There isn't any one-size-fits-all magic approach. There are, however, different strategies you can try out until you hit on something that works well for you.
Here are three such strategies that can help you change your financial habits. Figure out which is likely to work best for you:
1. Try a spending detox
If spending is one of your big problems, you can try breaking the habit by going on a spending detox. Try to go a month without spending on anything that isn't absolutely necessary. You can retrain yourself to dislike spending and keep your money as a by-product.
I know because the strategy works with other preferences too. After quite some time eating dark chocolate, I have a hard time with sugary milk chocolate. I can't even drink hot chocolate anymore. I retrained my taste buds so that I didn't care as much for sugar. It's the same with spending.
This approach can even work with your long-term and short-term savings goals. Make sure you automatically contribute to retirement savings or to your travel fund during this time, but avoid spending money on unnecessary household goods, gadgets or other items that do little more than clutter things up.
You might be surprised at how quickly you adjust to the new normal and develop new habits that are less about spending money.
2. Make small changes
Taking drastic steps don't work as well for some people. If this describes you, then consider making incremental changes instead of doing something dramatic. This reduces the pain involved and can help you make forward progress.
It's a slower approach, but it can help you ease into new habits. Making small changes is ideal when it comes to saving habits. If you want to get to the point where you are setting aside $400 a month toward retirement, you aren't likely to be able to sustain that change all at once because finding an extra $400 is going to seem too painful.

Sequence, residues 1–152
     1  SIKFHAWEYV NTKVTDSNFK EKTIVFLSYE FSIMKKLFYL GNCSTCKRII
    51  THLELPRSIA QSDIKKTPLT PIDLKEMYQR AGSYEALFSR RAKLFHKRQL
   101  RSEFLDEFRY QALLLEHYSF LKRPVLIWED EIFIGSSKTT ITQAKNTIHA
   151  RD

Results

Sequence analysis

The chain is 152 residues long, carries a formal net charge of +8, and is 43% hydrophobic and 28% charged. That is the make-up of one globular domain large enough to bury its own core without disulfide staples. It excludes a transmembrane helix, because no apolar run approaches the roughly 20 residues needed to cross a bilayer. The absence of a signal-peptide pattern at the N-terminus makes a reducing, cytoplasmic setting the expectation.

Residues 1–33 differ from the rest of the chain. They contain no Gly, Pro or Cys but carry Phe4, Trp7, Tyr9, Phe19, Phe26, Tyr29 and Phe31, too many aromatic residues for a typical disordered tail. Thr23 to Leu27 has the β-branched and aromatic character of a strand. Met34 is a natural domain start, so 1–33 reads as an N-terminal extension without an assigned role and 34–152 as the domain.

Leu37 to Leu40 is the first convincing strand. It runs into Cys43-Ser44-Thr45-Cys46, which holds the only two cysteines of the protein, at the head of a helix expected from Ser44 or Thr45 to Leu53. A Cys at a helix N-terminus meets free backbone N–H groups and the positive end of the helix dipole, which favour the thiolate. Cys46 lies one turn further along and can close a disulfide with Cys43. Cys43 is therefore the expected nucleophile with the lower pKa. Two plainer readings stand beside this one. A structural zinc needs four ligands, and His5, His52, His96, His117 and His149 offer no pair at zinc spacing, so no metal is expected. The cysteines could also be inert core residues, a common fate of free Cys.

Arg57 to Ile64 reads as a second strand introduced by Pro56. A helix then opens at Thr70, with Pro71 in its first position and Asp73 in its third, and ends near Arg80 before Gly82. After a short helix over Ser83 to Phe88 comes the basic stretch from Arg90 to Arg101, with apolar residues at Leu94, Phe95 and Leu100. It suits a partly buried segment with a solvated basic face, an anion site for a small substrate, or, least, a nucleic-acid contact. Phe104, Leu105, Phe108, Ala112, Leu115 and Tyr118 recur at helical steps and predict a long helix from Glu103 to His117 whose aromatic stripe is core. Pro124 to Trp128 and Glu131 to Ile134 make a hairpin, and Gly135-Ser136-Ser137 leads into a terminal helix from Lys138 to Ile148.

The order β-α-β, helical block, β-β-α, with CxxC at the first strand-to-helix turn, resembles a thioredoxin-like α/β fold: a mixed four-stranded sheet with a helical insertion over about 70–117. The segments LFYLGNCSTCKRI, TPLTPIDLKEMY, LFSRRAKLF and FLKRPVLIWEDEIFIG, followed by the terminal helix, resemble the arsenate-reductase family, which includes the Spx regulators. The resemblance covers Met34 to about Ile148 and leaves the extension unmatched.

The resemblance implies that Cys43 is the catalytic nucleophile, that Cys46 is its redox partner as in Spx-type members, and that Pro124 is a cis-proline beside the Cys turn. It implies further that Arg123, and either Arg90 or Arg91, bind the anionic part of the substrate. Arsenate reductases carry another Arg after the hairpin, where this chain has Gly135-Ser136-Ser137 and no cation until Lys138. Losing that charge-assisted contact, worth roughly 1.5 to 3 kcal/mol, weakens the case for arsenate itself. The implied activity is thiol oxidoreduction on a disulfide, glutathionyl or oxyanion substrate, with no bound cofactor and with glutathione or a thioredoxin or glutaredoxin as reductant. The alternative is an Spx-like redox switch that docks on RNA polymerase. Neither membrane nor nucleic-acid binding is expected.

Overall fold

Instead, you can start with a smaller amount. Can you set aside $10 a week? This adds up to roughly $40 a month. Look to take that first small step. Once you free up that money and become comfortable with the change, then start looking for ways to free up another $10 a week. Work your way up. It takes a little more time than if you jump all the way in, but you will eventually reach your goal. You'll also be more likely to keep it up over the long term.
From freeing up money to paying down debt or putting money toward a family vacation, the start-small approach can work well and help you change the way you manage your money.
3. Plan ahead
One of the best ways to prepare your finances and change your habits is to plan ahead. Get in the habit of checking in with your finances once a week. Set aside time to look ahead to the bills you will need to pay and other financial realities.
When you get in the habit of planning ahead, you will track your spending better, be able to create budgets more easily, and naturally start to change some of your financial habits in a way that can benefit you in the long run. You'll also end up saving yourself a ton of time and headaches in the future because you'll spend less of your resources putting out fires.
It really works. Give these a try today.